But here it is as literature that the saga is above all to be commended, and under this heading those that most deserve the attention of the reader are the tales of the Icelanders themselves, such as that of the Laxdale Men or of the Ere Dwellers, or that of Egil Skallagrimsson, or that (perhaps best of all) of Njal, or (another masterpiece) that of the morose and sarcastic giant Grettir whose death as a hunted and pitiful outlaw on
Drangey is related with a stark and savage simplicity that has made of this awful climax one of the most remarkable and moving examples of the saga-teller's art. Such sagas as these do not, of course, represent the whole scope of early Icelandic literature; for there are the great histories, such as the noble Heimskringla of Snorri Sturlason, and there are besides many duller works, of both local and foreign interest, and also tales of the heroic age, to say nothing of certain late fictitious compositions or of mere translations of continental mediaeval romances and legends. But it is in the tales of the Icelanders, fortunately a large and lovely series, that the art of the native story-teller is seen at its best; for here, in describing his own folk, the narrator's uncanny gift of effortless yet vivid presentation of character brings an added life and zest to the story he has to tell. It may be true that for the most part these sagas of Iceland are made up of the grim stuff of tragedy, but wit and humour are in no wise lacking, and of the whole great body of these tales, all of them written down in unadorned and simple prose, it may be truly said that their naive Icelandic authors have made a rich and memorable contribution to the literature of Europe. (1)
The dismal affairs of Iceland in the years following the Peace Period, the brave days of Bishop Gizur, need only short mention here. It has already been said that the Althing lacked executive power and that it depended for its successful functioning upon the goodwill and loyalty of the chieftains whose united godords formed the state; it follows then that the warring of these chieftains, or the too great power of any one of them, would quickly put an end to the authority of the courts, and it was, indeed, the quarrels between the godar and the contempt of the victors for constitutional government that brought the existence of the Free State to an end. The period of the decline begins shortly after the death of Bishop Gizur (1118), for then it was that these quarrels first became serious, and though perhaps in the beginning they did not seem likely to shake the foundations of Icelandic society, yet they rapidly assumed the alarming characteristics not merely of family feud but of civil strife. Especially in the first half of the thirteenth century was Iceland torn by civil war, for this was the time when the Sturlungs, the kin of the great chieftain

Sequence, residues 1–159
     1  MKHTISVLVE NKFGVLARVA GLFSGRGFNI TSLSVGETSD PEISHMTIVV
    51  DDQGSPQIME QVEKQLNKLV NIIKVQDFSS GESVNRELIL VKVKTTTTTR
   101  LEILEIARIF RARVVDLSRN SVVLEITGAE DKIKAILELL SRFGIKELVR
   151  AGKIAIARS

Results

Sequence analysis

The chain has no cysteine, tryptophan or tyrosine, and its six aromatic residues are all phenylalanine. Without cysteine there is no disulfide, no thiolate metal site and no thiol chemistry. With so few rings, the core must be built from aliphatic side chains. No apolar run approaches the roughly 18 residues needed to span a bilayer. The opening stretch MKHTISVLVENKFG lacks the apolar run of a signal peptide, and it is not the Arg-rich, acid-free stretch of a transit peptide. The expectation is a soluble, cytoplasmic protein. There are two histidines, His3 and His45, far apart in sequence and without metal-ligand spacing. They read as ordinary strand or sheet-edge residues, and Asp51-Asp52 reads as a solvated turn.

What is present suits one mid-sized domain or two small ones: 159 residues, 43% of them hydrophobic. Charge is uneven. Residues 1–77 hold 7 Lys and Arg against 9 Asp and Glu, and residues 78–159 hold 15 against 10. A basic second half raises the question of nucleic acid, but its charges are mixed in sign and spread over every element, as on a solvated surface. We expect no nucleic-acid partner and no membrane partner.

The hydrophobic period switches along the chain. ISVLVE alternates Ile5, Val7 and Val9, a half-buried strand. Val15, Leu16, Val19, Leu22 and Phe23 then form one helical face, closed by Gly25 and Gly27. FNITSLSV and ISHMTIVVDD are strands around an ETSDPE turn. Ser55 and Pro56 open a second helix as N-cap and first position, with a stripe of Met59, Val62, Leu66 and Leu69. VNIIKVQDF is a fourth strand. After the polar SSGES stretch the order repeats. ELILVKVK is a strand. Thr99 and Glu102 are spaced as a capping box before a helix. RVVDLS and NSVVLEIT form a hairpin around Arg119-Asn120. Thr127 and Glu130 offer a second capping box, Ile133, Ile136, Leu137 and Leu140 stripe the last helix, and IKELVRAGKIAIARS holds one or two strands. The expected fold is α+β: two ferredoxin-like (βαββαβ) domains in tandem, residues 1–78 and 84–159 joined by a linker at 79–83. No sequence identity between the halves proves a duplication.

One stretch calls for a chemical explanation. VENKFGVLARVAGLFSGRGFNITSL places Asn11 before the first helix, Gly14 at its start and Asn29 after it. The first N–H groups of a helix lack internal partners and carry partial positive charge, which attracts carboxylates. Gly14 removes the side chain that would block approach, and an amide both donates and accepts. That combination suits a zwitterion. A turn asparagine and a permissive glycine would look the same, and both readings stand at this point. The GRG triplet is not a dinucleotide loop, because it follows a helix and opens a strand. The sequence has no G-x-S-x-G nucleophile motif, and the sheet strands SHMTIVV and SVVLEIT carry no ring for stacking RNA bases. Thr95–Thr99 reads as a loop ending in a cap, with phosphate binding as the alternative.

1. When I wrote this chapter I included some short extracts from English translations of the sagas, but I have since omitted them as the inexperienced reader anxious for a first taste of saga literature can now turn to an excellent little book that has recently been published; this is The Northern Saga, by E. E. Kellett (London, 1929).
and historian Snorri Sturlason, had grasped so large a power and so dominated Icelandic affairs that the period and its horrible wars are named after them. The long struggle between Snorri and his brother Sighvat and Sturla Sighvatsson, with its many battles, ended, after a temporary triumph that left Sturla supreme in Iceland, in the defeat and death of Sighvat and Sturla at the battle of Orlygsstadir in the year AD 1235 where an army of 1,680 men had collected to overthrow these ambitious and dangerous chiefs. Whereupon Snorri, who had previously fled to Norway, returned to Iceland; but now another chieftain, Gizur Thorvaldsson, was his rival for the supremacy among the godar, and by the hands of this man's assassins Snorri was slain in 1241. Starlungasaga, the story of these factions and conspiracies, is a tale of Iceland torn by the struggles of lawless chiefs, of a chaos and an anarchy far worse than the conditions at the end of the landnáma Period before the setting up of a central government.
Under such conditions there was only one remedy and that was to place this unhappy country under the protection of the Norwegian crown. For many years the kings of Norway had sought to lay Iceland under their dominion, knowing that the Free State was in origin but a colony of their own countrymen. Harald Fairhair had sent Uni Gardarsson to establish his authority; Olaf Tryggvason in his brusque missionary zeal had treated the Icelanders exactly as his own subjects; King Olaf the Saint, after making a treaty in 1022 with the Icelandic leaders whereby Norwegians and Icelanders were given full rights of citizenship in each other's countries, two years later definitely invited the Althing to recognize him as the overlord and ruler of Iceland. But the Free State had maintained its independence, and for another hundred years and more the interference of the Norwegian king was resisted; yet at the end of this period the passing of the Icelandic Church under the jurisdiction of the Archbishop of Nidaros brought the ultimate union with Norway perceptibly nearer, while the chaotic condition of domestic affairs in the early thirteenth century made the guidance of a strong royal hand more and more welcome to the Icelanders. Nevertheless many of them, even in their most desperate straits, were reluctant to surrender their independence, and King Haakon Haakonsson (1217-1263), great monarch though he was, had long to occupy himself in negotiations and intrigue before the king's party in Iceland was of one purpose and large enough to force an issue at the Althing. Perhaps the deciding factor was the arrogance of Gizur Thorvaldsson, Snorri's slayer, who